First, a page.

Melissa Boon, Berkshire
I was 35 when I was diagnosed with stage 3 bowel cancer in January 2017. It later spread to my left lung in September 2017, meaning I am now at stage 4.
Fifteen months before diagnosis, I started noticing blood on the paper when I went to the toilet. I had just had my second child at this point. My GP explained that it was haemorrhoids after having a baby and they would clear up with time.
My symptoms got worse so visited my GP another two times. I was given suppositories to heal them. This stopped the bleeding for a week each time but then it returned. At a subsequent visit, my GP explained that treatment for haemorrhoids is very painful and unless I was in agony, I should just try and live with them. I went away confused. Although the amount of blood was increasing I had absolutely no pain or discomfort. After 15 months (and in total four visits to my GP) I was passing quite a bit of blood and going to the toilet up to 10 times a day, sometimes only to pass blood. I went back to my GP and requested to be examined.
The GP was surprised that there was no sign of haemorrhoids. I had various blood tests, all of which came back normal. He asked me questions about whether I had recently lost weight – I answered yes, but I had just had a baby and had breastfed, so not surprising. Was I tired? Yes, but I had a baby. Was I bloated? Yes, sometimes. Most mealtimes I was bolting food down whilst trying to feed two small children, so again not surprising. I requested to be referred to hospital to be checked. Cancer was mentioned by my GP, but I was told it was extremely unlikely (less than 1% chance) because I was deemed to be low risk. I was told a referral to an NHS specialist would probably take over six weeks as I was low risk. I requested to be seen privately. I was seen three days later. Initial examination showed a large polyp, highly likely to be cancerous and I was then referred for a colonoscopy four days later, which is when I was diagnosed.
Living like this has helped us view life through a different lens. We appreciate the small things, the day to day life that we once took for granted we now appreciate.
For treatment, I had five weeks of combined chemo and radiotherapy. Side effects were fatigue, sickness and nausea, diarrhoea, sore skin at site of radiation, early menopause (night sweats, mood swings, irregular periods and vaginal soreness), painful hands and feet, dry skin and thinning hair.
I also had an anterior bowel resection and an ileostomy. Recovery was good. I had no long term side effects other than scarring and now having a stoma! Additionally, I had a lung wedge resection and had a good recovery, with no long term side effects other than scarring.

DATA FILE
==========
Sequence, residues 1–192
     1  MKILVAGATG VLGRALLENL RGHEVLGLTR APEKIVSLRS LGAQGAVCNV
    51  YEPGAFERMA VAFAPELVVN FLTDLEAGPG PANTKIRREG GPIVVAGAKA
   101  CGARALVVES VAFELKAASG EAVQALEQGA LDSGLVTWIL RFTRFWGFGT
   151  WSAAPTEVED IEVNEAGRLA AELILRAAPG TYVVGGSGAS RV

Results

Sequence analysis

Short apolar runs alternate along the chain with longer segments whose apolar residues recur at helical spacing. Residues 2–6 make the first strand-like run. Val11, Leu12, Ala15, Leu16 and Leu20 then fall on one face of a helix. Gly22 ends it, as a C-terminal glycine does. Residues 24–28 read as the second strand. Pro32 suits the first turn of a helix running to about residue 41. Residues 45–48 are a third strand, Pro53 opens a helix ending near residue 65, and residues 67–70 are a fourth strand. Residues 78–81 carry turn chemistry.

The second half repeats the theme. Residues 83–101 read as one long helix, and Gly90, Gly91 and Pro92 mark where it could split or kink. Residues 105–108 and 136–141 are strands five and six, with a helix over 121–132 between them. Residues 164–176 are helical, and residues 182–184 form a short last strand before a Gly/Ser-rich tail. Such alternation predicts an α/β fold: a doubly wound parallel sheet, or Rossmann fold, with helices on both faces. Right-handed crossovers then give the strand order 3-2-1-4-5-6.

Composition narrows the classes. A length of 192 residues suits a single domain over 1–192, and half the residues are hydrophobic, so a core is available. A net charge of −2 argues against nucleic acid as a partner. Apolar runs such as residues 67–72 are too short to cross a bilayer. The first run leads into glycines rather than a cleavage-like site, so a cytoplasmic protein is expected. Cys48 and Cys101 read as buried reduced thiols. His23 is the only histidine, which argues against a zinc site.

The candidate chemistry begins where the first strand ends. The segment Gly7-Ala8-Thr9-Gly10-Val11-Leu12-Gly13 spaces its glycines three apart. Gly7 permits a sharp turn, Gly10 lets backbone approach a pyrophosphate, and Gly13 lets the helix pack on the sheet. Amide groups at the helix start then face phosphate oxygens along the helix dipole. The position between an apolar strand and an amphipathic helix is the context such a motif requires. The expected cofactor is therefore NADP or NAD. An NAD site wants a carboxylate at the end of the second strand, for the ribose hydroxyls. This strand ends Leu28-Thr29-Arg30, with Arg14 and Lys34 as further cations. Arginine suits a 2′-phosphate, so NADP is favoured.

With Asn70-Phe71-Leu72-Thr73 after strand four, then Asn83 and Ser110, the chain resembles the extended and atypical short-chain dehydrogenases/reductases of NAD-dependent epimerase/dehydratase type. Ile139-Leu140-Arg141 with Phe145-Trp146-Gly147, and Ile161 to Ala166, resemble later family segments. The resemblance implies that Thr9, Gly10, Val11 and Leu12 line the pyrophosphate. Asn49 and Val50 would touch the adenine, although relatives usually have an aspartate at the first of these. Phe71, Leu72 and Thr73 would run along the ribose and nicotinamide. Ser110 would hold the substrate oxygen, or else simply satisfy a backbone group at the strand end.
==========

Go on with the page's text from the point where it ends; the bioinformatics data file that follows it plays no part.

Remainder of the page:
As of November 2017, I have just started four and a half months of Chemotherapy. Side effects to date include fatigue, headaches, sensitivity to cold, neuropathy in hands and feet, first bite pain, mouth ulcers, dry eyes and lips.
Before diagnosis I was a busy, independent working mum of two. I was travelling with work and living a busy and active lifestyle.
I have been off work since February. During treatment and recovery from operations I am increasingly dependent on my husband and other family members for support. At times I have to take a backseat role in caring for our two young children and we rely on family members coming to live with us for short periods to help out. My husband now works flexibly part time to enable him to take on the extra caring responsibilities. This also gives him the time to attend the numerous hospital appointments with me.
Living like this has helped us view life through a different lens. We appreciate the small things, the day to day life that we once took for granted we now appreciate. We are grabbing the better days when I am well to be together and make the most of what we have.
But we’re leading change
Never Too Young is leading change for younger bowel cancer patients. Every year 2,500 younger people are diagnosed with bowel cancer in the UK. Our research has shown that younger bowel cancer patients have a very different experience of diagnosis, treatment and care.
What are we calling for?
- Improved clinical guidance and practice on bowel cancer in younger people
- Improved identification of people with genetic conditions and access to surveillance screening
- Improved information for younger people on bowel cancer symptoms